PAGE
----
– I direct the honorable senator’s attention to the fact that the matter which he is now discussing has not anything to do with the motion.
– I was merely pointing out one means bv which our natural resources might be developed, in order that the attention of honorable senators might be directed to the manner in which the Forest Products Laboratory has been handled by the Government. I commend my motion to the favorable consideration of honorable senators.
– I do not intend to deal with the various points raised by Senator Kingsmill, but I shall take steps to have his representations brought under the notice of the Minister for Trade and Customs (Mr. Austin Chapman), under whose control the Institute of Science and Industry is. I regret that I cannot agree to the honorable senator’s request that the papers be laid on the table of the Senate because they contain information of a confidential nature. The honorable senator is probably aware that the officers associated with this laboratory made investigations into other matters, apart from the manufacture of paper pulp from Australian timbers, and I am informed that in the course of this research work some important and valuable discoveries were made in regard to dyes, tanning materials, and other products. Senator Kingsmill will recognise that it would be improper to disclose that information. I am pleased, however, to be .able to inform the honorable senator that if he will call upon the Director of the Institute of Science and Industry ail the papers which are not of a confidential nature will be made available for his perusal. In view of this, I trust that he will be prepared to withdraw the motion.
Debate (on motion by Senator DrakeBrockman) adjourned.
The Clerk having called on the following notice of motion in the name of Senator Elliott: -
That the recommendation contained in the dissenting report of the Select .Committee of Inquiry into the. Discharge of Warrant-Officer J. R. Allen from the Australian Military Forces be adopted by the Senate.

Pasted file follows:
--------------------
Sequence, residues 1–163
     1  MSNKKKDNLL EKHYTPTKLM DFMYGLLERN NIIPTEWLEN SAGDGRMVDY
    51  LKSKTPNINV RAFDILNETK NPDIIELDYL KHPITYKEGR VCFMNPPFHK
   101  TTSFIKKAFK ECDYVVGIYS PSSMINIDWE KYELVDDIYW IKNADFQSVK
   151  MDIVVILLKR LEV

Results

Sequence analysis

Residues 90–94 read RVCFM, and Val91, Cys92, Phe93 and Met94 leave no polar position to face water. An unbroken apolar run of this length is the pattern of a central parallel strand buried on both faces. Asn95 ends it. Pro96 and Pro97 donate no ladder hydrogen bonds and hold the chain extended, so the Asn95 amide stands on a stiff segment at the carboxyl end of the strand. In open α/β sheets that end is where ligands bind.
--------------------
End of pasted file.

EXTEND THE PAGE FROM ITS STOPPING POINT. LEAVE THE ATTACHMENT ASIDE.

– Senator Elliott not being present and the motion not being moved, it therefore lapses.
The Clerk having called on the following notice of motion in the name of Senator Elliott: -
That the Senate is of the opinion that the Parliament should not meet in Canberra until the Yass-Canberra railway line has been completed by the New South Wales Government, and until adequate accommodation has been provided there, not only for the members of the Parliament, hut also for the parliamentary and administrative staffs of the Commonwealth
– Senator Elliott not being present and the motion not being moved, it therefore lapses.
Adelaide to Brisbane Aerial Service - Canberra : Building Leases - Dumping Duty on Wire Netting.
Motion (by Senator Pearce) proposed -
That the Somite do now adjourn.
.- I wish to bring under the notice of the Government a matter which demands earnest attention. A few weeks ago I asked a series of questions in regard to a contract let by the late Government to the Larkin-Sopwith Company in connexion with an aerial service between Adelaide and Brisbane. The contract was let many months ago, and the time in which the service was to be commenced has long since elapsed. T have no desire to do the company any harm, but it appears to me that very little effort is being made to fulfil the terms of the contract into which they have entered with the Commonwealth. Government. I want it to be clearly understood that I do not think the Government has proceeded along sound lines in letting a contract of this description for the carriage of mails between the capital cities when that business is catered for by a fast express train service six days a week. Many parts of Australia are isolated, and this money could be spent to very much greater advantage in providing them with an aerial mail service. The total saving in time on the service between Sydney and Brisbane was anticipated to be only seven hours on each of two days a week. Considering the advantages conferred on those two cities by the telephone, the telegraph, and a fast train service, I do not think that this additional benefit was warranted. The company received an advance from the Commonwealth Government of £15,000, on what security I pm not aware. Evidently the Government which let the contract was satisfied that some security existed. Nevertheless, no step has been taken to fulfil the conditions of the contract. I am anxious to see every possible encouragement given to aviation, and I consider that the manner in which this contract has hung fire may operate against the making of contracts in the future. I trust that the Minister will believe that my remarks are prompted by a desire to se© every encouragement given to civil aviation. I urge upon him the necessity of having a thorough investigation made in order that either the service may be put into operation or the contract cancelled.